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  1. Jenkins
  2. JENKINS-43749

Support multiple Jenkinsfiles from the same repository

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      Description

      This would support scenarios where different "configurations" of a pipeline cannot share the same Jenkinsfile.

      If I had multiple Jenkinsfiles... repository github.com/apple/swift

      /Package.jenkinsfile 
      /Incremental.jenkinsfile
      /Incremental-RA.jenkinsfile
      /Assert.jenkinsfile
      /src/…
      

      I would like to create multibranch Pipelines for each so I have the resulting structure:

      /Apple
      /Apple/Swift - Package
      /Apple/Swift - Incremental
      /Apple/Swift - Incremental-RA
      /Apple/Swfit - Assert
      

      Note that in this example I have an organization folder for github.com/apple and it is creating multiple multibranch pipelines for each Jenkinsfile discovered in each repository.

      I have written up examples and use cases in this doc

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            jbennett20912 Jeffrey Bennett added a comment - - edited

            I cannot speak to all the various use-cases that people have brought up, but it seems like a fair-number of people looking for this would be satisfied if multi-branch pipelines just supported an 'exclude regions' flag.  You get that behavior with regular-pipeline, but not multi-branch pipeline.

            In my situation (and seems like others have this as well), I have directoryA/Jenkinsfile and directoryB/Jenkinsfile, and I wish to trigger pipelineA when commits are made to DirectoryA, and pipelineB for DirectoryB.  There are [a few solutions floating around|https://stackoverflow.com/questions/49448029/multiple-jenkinsfile-in-one-repository/60316968] that effectively have both pipelineA and pipelineB starting, doing a 'validate' step, and then pipeline logic to short-circuit, causing completing when the commit is on the other side.  But I'd really prefer that the build NEVER start in the first place for the wrong pipeline.  Commit to DirectoryA -> only PipelineA is triggered.   That amounts to PipelineA configuring "DirectoryB" as an excludes region (and vice versa).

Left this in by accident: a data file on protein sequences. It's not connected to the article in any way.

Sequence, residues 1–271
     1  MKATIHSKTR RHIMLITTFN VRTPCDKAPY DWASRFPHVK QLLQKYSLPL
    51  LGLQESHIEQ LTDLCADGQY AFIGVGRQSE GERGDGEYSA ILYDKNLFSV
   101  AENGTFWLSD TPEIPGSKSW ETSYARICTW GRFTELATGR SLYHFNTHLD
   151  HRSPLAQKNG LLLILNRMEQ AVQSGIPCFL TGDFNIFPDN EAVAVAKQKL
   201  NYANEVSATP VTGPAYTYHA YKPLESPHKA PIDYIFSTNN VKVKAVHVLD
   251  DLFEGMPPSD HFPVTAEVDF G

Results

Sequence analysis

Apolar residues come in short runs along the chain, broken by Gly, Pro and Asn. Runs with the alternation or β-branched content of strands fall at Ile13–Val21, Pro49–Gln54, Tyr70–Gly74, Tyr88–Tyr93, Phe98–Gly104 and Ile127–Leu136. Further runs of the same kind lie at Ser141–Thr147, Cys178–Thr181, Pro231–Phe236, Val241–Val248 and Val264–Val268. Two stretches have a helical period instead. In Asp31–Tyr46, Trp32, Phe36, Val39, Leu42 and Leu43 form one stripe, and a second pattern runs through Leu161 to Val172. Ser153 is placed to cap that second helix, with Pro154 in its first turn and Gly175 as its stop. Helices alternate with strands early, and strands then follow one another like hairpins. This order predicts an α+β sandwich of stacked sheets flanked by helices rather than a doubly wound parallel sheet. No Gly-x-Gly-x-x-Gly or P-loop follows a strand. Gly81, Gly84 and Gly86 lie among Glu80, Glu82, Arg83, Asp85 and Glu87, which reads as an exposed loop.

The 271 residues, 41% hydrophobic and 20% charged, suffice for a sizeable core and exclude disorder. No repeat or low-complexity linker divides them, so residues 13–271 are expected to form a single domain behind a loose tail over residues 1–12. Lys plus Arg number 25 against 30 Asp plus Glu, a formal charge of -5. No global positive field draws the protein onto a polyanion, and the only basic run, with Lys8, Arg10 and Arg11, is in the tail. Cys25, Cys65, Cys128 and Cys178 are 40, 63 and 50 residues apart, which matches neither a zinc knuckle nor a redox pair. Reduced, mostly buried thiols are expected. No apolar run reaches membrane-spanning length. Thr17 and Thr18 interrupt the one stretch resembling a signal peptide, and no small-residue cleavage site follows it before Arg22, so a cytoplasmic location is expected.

That said, there are a bunch of use-cases all entwined herein, and this is only one of them.  But... it seems like a fairly well-defined one that might mitigate a lot of people's issues.

             

            Show
            jbennett20912 Jeffrey Bennett added a comment - - edited I cannot speak to all the various use-cases that people have brought up, but it seems like a fair-number of people looking for this would be satisfied if multi-branch pipelines just supported an 'exclude regions' flag.  You get that behavior with regular-pipeline, but not multi-branch pipeline. In my situation (and seems like others have this as well), I have directoryA/Jenkinsfile and directoryB/Jenkinsfile, and I wish to trigger pipelineA when commits are made to DirectoryA, and pipelineB for DirectoryB.  There are [a few solutions floating around| https://stackoverflow.com/questions/49448029/multiple-jenkinsfile-in-one-repository/60316968 ] that effectively have both pipelineA and pipelineB starting, doing a 'validate' step, and then pipeline logic to short-circuit, causing completing when the commit is on the other side.  But I'd really prefer that the build NEVER start in the first place for the wrong pipeline.  Commit to DirectoryA -> only PipelineA is triggered.   That amounts to PipelineA configuring "DirectoryB" as an excludes region (and vice versa). That said, there are a bunch of use-cases all entwined herein, and this is only one of them.  But... it seems like a fairly well-defined one that might mitigate a lot of people's issues.  
            Hide
            ceztko Francesco Pretto added a comment -

            I don't know if this precisely answer the original issue here but I achieved to have multiple Jenkinsfile in the same repository/branch with the current feature set, I explained the procedure in this StackOverflow answer. The main idea is having separate Build and CSM projects configured in Jenkins, with the former that can be a simple Freestyle project with a polling on a repository and the latter a pipeline with a trigger on the CSM project. The trickier part was to add to add the skipDefaultCheckout directive in the Build pipeline, which is strange since I expected "Lightweight checkout" flag in the pipeline project to actually disable the checkout itself. Is this intended?

            Show